Woodworkers want the freedom to listen to music and other entertainment. Some woodworkers refuse appropriate ear protection on the job because they wear headphones to listen to music, podcasts, audiobooks, or other entertainment. Conventional headphones, however, shouldn't be confused with hearing protection. While noise-canceling headphones can dampen sound to a certain extent, many standard, non-safety certified headphone models barely dampen sound at all. Wearing headphones on the job often does more harm than good, as workers are likely to crank up the volume to hear it over the noise of their tools. Most conditional headphones allow users to exceed 85 dB, damaging hearing and making workers unaware of their surroundings.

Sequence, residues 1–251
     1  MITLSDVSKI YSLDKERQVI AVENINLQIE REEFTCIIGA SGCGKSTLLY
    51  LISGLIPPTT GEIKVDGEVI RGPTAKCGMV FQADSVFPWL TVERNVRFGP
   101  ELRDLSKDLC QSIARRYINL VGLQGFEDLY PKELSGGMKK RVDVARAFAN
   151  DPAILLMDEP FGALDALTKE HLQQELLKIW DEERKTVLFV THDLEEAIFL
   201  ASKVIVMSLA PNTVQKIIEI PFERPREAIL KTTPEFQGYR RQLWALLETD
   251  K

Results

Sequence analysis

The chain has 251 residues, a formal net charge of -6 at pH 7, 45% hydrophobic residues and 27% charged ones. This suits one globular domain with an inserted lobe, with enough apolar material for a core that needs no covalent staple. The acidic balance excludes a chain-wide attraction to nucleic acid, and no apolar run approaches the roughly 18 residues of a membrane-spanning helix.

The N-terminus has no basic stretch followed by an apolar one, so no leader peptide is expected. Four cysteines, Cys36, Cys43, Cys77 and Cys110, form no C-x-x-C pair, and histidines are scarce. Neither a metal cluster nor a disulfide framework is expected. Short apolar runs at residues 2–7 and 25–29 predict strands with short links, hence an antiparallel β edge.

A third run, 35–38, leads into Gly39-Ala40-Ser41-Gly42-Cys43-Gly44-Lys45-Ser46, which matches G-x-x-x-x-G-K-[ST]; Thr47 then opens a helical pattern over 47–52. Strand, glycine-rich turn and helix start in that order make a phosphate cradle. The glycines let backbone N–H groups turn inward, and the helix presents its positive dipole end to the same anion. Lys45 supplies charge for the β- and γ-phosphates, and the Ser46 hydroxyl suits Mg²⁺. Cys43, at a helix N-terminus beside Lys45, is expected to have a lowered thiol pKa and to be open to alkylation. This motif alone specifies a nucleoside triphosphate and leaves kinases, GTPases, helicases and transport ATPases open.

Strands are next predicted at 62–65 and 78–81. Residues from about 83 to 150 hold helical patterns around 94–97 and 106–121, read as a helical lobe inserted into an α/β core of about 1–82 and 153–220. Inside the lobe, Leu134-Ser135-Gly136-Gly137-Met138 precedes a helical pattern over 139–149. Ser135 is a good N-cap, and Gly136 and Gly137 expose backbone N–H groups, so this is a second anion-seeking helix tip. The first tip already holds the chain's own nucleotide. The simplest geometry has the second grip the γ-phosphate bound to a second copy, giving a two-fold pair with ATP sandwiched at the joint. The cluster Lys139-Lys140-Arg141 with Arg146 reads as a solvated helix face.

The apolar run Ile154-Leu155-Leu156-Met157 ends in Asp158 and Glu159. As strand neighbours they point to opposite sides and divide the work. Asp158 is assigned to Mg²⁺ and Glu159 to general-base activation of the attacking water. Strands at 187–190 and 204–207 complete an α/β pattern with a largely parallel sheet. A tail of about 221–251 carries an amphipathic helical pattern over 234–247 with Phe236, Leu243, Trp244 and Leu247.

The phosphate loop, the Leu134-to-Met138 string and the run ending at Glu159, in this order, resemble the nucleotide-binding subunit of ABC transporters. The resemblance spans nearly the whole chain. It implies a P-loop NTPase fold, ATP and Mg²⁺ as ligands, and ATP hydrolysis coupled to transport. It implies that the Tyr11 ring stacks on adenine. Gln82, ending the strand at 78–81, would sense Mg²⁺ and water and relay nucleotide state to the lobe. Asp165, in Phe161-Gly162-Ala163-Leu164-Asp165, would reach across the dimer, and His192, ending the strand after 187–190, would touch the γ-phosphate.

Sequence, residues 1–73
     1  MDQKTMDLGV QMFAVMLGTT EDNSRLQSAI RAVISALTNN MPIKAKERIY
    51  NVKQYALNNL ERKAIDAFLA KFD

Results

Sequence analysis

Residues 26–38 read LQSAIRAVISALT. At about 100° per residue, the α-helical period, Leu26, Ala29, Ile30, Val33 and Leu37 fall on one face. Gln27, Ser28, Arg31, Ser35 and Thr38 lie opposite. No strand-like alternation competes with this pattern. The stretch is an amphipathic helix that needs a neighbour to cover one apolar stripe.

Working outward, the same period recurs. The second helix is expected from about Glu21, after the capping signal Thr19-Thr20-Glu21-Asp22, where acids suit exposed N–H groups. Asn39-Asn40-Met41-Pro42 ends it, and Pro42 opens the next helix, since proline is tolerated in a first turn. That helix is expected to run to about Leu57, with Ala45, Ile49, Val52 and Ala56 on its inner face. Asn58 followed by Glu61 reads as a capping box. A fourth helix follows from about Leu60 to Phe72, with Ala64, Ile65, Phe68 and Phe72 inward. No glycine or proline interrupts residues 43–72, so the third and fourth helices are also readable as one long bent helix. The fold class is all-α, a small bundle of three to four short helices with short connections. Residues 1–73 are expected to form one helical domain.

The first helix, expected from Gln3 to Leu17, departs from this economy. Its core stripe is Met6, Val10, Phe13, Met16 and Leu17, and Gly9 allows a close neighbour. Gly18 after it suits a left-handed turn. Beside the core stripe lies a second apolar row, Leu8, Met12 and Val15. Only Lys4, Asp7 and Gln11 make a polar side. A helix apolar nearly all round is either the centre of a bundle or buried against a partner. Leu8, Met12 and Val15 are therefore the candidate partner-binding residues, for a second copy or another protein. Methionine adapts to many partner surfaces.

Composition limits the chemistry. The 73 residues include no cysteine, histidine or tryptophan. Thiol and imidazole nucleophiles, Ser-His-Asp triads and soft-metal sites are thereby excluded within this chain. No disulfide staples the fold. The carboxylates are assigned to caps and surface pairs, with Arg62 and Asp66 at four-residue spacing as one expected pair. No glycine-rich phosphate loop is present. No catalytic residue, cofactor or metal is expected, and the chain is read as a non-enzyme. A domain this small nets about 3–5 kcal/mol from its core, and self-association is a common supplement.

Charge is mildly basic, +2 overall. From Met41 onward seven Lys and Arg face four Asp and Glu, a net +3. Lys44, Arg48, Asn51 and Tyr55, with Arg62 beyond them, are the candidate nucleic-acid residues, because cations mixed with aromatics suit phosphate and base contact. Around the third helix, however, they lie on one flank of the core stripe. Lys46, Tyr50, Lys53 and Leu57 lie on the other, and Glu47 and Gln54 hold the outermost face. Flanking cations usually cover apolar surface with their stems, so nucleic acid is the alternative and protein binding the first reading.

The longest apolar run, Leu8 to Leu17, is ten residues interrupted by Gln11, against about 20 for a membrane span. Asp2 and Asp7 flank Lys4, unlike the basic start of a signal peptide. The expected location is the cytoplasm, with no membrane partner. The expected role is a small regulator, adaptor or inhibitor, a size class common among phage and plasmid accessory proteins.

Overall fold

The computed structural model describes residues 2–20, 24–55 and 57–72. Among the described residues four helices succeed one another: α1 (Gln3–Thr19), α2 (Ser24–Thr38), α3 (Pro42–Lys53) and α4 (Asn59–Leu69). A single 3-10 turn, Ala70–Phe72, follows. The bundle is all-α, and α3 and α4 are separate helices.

ISOtunes: A Perfect Combination of Hearing Protection and Bluetooth
Hearing protection and Bluetooth technology don't have to be mutually exclusive. In fact, with ISOtunes, you can get the best of both worlds in a comfortable product that offers the best ear protection for woodworkers. This section will discuss the key ISOtunes technologies that help make these headphones ideal for woodshop environments.
Often, woodworkers crank up the tunes on their headphones to hear it over the sound of their equipment. When they do this, any potential protection from the headphones is wasted, as hearing damage will inevitably occur from the music. ISOtunes avoids this issue with its SafeMax™ hearing conservation technology, which comes built into its products. Specifically, SafeMax™ ensures that any ISOtunes work earbuds and muffs don't exceed 85 dB in volume. The volume limiter makes all ISOtunes products compliant with OSHA standards and gives woodworkers the peace of mind that they are not at risk of hearing loss - regardless of whatever they're doing or listening to.